Thalassaemia trait / thal minor



People originating from the Mediterranean, the Middle East, Africa or Asia may carry some form of thalassaemia but it’s rare in Northern Europeans.

Thalassaemia is common in these regions because it helps to protect carriers against malaria.

Thalassaemia is a characteristic of the blood. It is inherited, that is, it is passed on from parents to children, like hair, eye or skin colour. It is passed on equally by men and women. It is not catching and will not turn into an illness.

Beta thalassaemia carriers are healthy and do not know that they are carriers unless they have a special blood test carried out. This blood test can be done by your GP and the result should be known within two weeks. The difference between a carrier and a non-carrier is that the red cells of the carrier are slightly smaller than those of the non-carrier. This is sometimes mistaken for iron deficiency anaemia and iron is prescribed. Thalassaemia carriers should not take iron unless they need it. The iron level in the blood must be measured to see if iron intake is really needed.

There are two forms of thalassaemia: alpha thalassaemia and beta thalassaemia.


Carrying alpha thalassaemia does not cause any illness. Most people who carry alpha thalassaemia do not know they have it. They only discover it when they have a special blood test. However, it can cause confusion and in some cases it could affect the health of your children.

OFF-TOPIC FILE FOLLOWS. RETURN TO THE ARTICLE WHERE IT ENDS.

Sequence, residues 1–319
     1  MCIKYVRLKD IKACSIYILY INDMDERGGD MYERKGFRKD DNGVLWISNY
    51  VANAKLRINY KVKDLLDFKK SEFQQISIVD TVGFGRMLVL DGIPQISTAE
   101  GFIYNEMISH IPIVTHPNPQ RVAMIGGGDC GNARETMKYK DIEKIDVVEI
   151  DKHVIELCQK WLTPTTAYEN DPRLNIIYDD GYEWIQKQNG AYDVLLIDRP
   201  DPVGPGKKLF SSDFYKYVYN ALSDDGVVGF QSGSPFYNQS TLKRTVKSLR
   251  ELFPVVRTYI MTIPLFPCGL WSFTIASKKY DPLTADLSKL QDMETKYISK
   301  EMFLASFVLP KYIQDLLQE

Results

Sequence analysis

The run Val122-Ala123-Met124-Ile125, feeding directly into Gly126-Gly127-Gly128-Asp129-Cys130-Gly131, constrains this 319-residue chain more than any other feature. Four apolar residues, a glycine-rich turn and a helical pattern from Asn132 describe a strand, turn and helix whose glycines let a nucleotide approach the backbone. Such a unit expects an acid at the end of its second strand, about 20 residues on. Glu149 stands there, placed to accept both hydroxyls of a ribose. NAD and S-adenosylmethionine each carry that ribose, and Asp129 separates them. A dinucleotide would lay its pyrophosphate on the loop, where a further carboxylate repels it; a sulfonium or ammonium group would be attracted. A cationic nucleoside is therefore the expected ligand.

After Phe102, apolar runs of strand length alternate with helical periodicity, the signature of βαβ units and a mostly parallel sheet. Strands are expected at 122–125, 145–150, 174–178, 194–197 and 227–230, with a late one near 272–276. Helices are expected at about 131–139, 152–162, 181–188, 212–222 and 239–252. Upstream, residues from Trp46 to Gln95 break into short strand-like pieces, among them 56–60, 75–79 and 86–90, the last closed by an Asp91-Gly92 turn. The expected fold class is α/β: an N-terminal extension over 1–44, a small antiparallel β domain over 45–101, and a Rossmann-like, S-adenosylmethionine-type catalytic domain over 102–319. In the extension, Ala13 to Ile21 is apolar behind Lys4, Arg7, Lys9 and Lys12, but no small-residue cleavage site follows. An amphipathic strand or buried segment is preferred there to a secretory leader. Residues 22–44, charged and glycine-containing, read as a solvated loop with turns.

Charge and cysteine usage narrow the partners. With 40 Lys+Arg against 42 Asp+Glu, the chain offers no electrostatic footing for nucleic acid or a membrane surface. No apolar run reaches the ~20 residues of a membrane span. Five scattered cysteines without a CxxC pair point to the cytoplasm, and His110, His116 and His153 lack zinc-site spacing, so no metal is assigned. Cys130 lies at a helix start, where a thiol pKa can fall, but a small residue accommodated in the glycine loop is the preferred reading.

There are two types of alpha thalassaemia; alpha plus thalassaemia, which is harmless and alpha zero thalassaemia which may have more serious implications.

Inheriting the Gene


Carriers of beta thalassaemia are normally healthy and will not know that they are carriers unless they have a special blood test to detect this condition. Although being a beta thalassaemia carrier does not cause any symptoms it’s important for them and for their doctors to know if they have this condition for various reasons.

The size and colour of their red cells maybe slightly different from people without this condition. If a person is a carrier of beta thalassaemia and has a blood test for some other reason the fact that they carry beta thalassaemia is not known, it may be confused with other conditions and lead to unnecessary tests and/or treatment.

Before a person who is a carrier of beta thalassaemia decides to have children it’s advisable for them to find out as soon as possible if their partner is also a carrier of beta thalassaemia or another interacting haemoglobin such as sickle haemoglobin (Hb S), Hb O Arab or Hb Lepore. This only requires a simple blood test. This test is advisable because, if positive, there will be a 1 in 4 chance (25%) that any child they have will inherit beta thalassaemia from both parents. If a child inherits beta thalassaemia from both parents it will have Beta Thalassaemia Major and is usually associated with considerable medical problems.

Inheriting the Gene